What I'm trying to do is to maximize the time frame that people can relate to. Saying a person now alive will see the consequences in 2125 might help do that. We should definitely look beyond that time frame to what future generations will be facing, as well.

Anonymous said...


My mother-in-law is now 97. She weighs < 90 lbs. My wife and I keep urging her to "eat, eat..." Pretty rare to have your weight (in lb) < your age (in years).

As the baby boomers age, the centenarian fraction of the US population will increase.

-Anonymous son-in-law.

Sou said...

I'd like to see short (30 year), medium (50 to 75 year), long (100 -150 year) and longer term (250 to 500 year) projections if that were possible. Especially so if there is the possibility of stabilising or not stabilising climate over the medium, long and longer term.

Don't people want to know if humans will survive 200 or 300 years hence? That's only a very short time in the history of civilisation. I remember seeing a cathedral in Cologne I think, that took 300 years or so to build.

I realise that the further out you go the more generalised the projections would be. Some projection is preferable to none at all.

Anonymous said...

I very much appreciate raypierre's approach to detailing the long-term consequences.

After all, even for lay people thinking back to the time of Jesus is a trivial matter, whether they comprehend the scale of time or not. Humans are very concerned about what happened thousands of years in the past, and they have used such history to justify wars, and the taking-back of land from peoples who have lived there for centuries when the newcomers have had no ties for as long, or longer, and all of this in the name of ancestors and traditions that no longer care a whit for - and never had any concept of what happens - in the future.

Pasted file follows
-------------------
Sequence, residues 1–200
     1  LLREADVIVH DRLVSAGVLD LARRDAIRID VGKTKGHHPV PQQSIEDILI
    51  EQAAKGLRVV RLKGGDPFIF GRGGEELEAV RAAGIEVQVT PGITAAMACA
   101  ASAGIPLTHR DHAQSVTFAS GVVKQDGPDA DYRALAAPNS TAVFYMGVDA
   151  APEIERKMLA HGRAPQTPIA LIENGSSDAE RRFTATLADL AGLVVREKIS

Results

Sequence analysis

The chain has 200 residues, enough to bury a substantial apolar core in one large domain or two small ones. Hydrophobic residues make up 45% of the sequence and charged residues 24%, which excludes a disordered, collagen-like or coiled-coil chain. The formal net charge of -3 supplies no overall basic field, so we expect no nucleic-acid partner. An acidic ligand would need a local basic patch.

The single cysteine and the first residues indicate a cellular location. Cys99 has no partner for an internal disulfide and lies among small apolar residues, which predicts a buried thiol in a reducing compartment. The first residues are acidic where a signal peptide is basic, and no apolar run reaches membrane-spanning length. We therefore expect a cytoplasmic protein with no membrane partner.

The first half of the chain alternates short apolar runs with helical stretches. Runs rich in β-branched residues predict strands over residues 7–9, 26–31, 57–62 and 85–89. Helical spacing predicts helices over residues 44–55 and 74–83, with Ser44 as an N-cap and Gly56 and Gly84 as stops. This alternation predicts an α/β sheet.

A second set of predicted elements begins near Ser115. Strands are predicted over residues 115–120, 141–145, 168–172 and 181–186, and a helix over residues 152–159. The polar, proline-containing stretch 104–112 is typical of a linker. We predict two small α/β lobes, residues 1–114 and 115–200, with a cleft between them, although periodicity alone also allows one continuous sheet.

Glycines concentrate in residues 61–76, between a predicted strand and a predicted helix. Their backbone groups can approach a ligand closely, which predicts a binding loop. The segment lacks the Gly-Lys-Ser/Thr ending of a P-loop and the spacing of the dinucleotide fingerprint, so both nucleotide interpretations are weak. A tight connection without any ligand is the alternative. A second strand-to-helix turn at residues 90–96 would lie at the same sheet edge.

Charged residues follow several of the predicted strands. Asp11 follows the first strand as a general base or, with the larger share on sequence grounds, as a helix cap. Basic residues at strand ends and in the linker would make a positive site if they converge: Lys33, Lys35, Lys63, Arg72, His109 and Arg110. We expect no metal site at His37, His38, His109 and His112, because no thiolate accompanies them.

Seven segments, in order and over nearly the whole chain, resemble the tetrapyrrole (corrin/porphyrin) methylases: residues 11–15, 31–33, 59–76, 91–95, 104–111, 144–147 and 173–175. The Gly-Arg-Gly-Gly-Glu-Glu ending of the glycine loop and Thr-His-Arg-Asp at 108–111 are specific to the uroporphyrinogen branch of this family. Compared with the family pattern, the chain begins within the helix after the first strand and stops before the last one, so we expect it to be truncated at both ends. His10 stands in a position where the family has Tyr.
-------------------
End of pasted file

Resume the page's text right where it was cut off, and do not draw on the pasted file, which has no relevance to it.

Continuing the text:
And yet here we are, making decisions for endless generations of our decendants and the biosphere in which they will live, and caring about what happens more than a decade or so hence is too much bother for the vast majority of people. Even for the thinkers, the century scale seems to be as much as they want to consider, as if everything plateaus at that time.

Um, no.

Frankly, if living with a 60" flatscreeen and a vehicle for every family now, means that my decendants in 500 years time will be living in the New Dark Ages, I'm happy to take on board the long-term consequences of the demand for such a contemporary lifestyle.

The problem is that Western society in general walks backward, not forward.